Jean Lafitte’s Blacksmith Shop Bar: A haunted restaurant in New Orleans
Jean Lafitte’s Blacksmith Shop Bar is the last bar to discover at the end of Bourbon Street, and is actually the oldest pub in the country. A New Orleans brick en poste building dating from around 1722, the pub is one of the three oldest buildings in New Orleans and houses many lingering spirits from that early period to the modern day.
Spirits love spirits, and I refer to this establishment as the “ghost watering hole.”
Some still arrive on horseback, others just pop in and out, and a few seem to reside permanently.
Master Jean Lafitte, buccaneer of high seas and low bayous, appears with pirate hat and is seen side by side with some of his cohorts from days of old. But those aren’t the only ghosts here—generations of happy customers who have passed on in flesh still frequent his pub.
Once a place to move contraband for the Lafittes, the building was a real blacksmith shop and also served as a front for the gentleman pirate. Much booty has made its way through here, and some say treasure is still hidden within.
The first time in this lifetime that I entered Lafitte’s, I was compelled to stare into the dual smithy (now turned fireplace). Staring back at me from the center was a pair of eyes—free floating, with no face to be seen. My eyes and his were locked in a trance for some time until the eyes simply poofed into two bursts of flame and disappeared.
That, of course, broke my trance, and when I bent down again to recheck the scene, nothing was to be seen. I checked for mirrors, candles, and such mundane things that might explain what I saw, but I found none. Shrugging my shoulders, I simply decided it was a sign of welcome. I was indeed welcomed by those who run the bar and those who may sometimes remain unseen.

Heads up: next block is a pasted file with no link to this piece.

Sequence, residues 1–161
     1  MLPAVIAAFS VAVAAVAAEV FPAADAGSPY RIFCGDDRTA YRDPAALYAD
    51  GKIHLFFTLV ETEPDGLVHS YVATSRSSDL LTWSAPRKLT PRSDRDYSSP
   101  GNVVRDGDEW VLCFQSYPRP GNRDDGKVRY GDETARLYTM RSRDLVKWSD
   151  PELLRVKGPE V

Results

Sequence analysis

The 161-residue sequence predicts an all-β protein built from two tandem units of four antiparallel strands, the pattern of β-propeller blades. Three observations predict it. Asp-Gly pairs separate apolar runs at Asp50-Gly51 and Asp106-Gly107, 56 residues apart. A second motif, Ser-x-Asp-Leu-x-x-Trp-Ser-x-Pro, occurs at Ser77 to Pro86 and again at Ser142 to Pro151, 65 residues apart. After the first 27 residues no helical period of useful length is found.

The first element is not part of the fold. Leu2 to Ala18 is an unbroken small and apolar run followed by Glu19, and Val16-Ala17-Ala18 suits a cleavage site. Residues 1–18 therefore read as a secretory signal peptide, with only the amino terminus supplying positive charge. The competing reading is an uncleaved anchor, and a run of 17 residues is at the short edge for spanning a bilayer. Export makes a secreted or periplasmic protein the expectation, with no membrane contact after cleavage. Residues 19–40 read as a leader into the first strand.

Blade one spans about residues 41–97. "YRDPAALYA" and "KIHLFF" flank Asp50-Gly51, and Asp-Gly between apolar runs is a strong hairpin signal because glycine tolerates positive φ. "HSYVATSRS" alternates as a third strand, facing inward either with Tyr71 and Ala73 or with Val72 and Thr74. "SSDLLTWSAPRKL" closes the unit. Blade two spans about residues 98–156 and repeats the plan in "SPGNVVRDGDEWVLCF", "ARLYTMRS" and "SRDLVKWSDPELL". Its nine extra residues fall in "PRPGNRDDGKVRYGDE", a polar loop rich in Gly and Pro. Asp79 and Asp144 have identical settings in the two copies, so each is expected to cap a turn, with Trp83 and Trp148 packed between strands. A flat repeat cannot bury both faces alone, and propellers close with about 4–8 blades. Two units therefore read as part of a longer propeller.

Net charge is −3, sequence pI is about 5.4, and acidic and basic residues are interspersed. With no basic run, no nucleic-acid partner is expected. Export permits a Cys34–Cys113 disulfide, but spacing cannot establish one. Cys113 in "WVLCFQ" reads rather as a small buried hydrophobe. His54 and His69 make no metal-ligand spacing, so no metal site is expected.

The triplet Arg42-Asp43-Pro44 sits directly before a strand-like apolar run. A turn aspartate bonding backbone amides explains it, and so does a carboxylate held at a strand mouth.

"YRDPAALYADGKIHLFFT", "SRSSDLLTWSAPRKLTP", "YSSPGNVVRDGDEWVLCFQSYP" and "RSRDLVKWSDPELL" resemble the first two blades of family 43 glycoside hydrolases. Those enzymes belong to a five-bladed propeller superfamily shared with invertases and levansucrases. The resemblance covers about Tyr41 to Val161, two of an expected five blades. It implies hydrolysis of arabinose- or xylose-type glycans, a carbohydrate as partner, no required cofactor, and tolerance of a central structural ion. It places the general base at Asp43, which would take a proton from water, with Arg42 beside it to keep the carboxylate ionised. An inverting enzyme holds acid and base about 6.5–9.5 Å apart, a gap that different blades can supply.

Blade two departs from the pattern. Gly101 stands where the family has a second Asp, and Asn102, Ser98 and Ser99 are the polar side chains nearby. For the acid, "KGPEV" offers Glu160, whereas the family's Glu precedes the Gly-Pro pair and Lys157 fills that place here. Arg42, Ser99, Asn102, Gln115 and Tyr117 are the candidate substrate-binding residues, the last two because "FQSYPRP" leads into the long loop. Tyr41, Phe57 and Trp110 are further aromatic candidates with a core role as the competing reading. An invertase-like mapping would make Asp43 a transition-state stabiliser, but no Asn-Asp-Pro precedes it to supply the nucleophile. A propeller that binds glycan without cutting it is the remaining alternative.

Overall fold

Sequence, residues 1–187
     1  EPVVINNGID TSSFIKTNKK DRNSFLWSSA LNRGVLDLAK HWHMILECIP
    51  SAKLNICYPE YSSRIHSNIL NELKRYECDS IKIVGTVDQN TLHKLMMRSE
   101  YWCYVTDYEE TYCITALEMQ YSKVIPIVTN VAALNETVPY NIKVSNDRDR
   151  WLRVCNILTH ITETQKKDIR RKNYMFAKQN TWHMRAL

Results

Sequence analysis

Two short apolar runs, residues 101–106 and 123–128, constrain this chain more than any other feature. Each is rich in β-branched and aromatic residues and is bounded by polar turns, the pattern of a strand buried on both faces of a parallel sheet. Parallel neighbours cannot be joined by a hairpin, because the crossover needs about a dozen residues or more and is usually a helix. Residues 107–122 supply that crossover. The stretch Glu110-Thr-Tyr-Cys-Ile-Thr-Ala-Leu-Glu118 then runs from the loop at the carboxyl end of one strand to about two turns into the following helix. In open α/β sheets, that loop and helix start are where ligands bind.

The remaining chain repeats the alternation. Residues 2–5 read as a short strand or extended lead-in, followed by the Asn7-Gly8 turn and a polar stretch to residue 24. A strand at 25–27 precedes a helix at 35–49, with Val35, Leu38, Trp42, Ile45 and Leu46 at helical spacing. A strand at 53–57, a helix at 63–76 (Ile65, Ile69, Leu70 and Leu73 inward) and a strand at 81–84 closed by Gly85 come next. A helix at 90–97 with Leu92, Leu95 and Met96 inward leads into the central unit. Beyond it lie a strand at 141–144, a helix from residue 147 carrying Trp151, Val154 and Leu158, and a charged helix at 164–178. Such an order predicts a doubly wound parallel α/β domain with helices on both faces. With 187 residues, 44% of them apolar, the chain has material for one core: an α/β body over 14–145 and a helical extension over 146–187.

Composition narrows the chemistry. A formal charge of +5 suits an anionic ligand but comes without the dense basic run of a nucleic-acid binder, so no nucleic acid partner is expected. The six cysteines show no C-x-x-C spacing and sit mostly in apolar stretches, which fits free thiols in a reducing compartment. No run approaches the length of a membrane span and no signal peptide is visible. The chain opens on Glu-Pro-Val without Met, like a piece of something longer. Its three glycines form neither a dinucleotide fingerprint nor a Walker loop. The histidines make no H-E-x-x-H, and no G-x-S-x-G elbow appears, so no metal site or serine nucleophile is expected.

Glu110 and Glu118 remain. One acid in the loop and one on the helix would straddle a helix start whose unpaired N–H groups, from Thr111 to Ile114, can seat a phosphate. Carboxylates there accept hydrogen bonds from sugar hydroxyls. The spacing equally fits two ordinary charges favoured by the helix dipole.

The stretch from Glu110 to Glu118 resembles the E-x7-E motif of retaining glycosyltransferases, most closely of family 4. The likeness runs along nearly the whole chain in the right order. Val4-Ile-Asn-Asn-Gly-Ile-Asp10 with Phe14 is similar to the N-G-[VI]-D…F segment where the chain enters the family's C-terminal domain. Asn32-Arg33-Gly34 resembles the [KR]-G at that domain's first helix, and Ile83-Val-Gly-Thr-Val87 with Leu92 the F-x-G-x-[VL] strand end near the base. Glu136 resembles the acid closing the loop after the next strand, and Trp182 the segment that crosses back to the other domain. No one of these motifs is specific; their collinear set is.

After this encounter, I began to feverishly research pirates, treasure, Jean Lafitte, and such to find the meaning of my visitation.
The common consensus was that when a pirate buries a treasure, he kills someone on the spot, and thus turns that person’s spirit into a ghost slave to guard the treasure so no one can tamper with it besides the one who placed it there to begin with.
The trouble is that Jean Lafitte is dead, but his spirit was not released from his guard duty. The only way that Jean Lafitte can be released from the curse is when someone of noble heart finds the treasure that was bought with blood and puts it to good use.
The way that Jean tries to help those few he finds with a heart of gold is by pointing his long and bony finger and showing eyes that burst into flame and drip with blood.
I researched this information for years after I saw those eyes. Some research indicates that whatever treasure was left behind is indeed within the fireplace.
There is one account of fear related by one of the bartenders who was working in the building late one rainy night. The bartender was alone, and a short, stout man walked out of the fireplace, walked to the end of the bar, and simply disappeared.
Most of the ghosts here are less ominous and are just there like the rest of the patrons. Here they wander in and out, enjoy a brew, and mingle with the humans the way they used to do.
—Bloody Mary Mystic, medium, paranormal investigator, Bloody Mary’s Tours
Jean Lafitte's Blacksmith Shop and Bar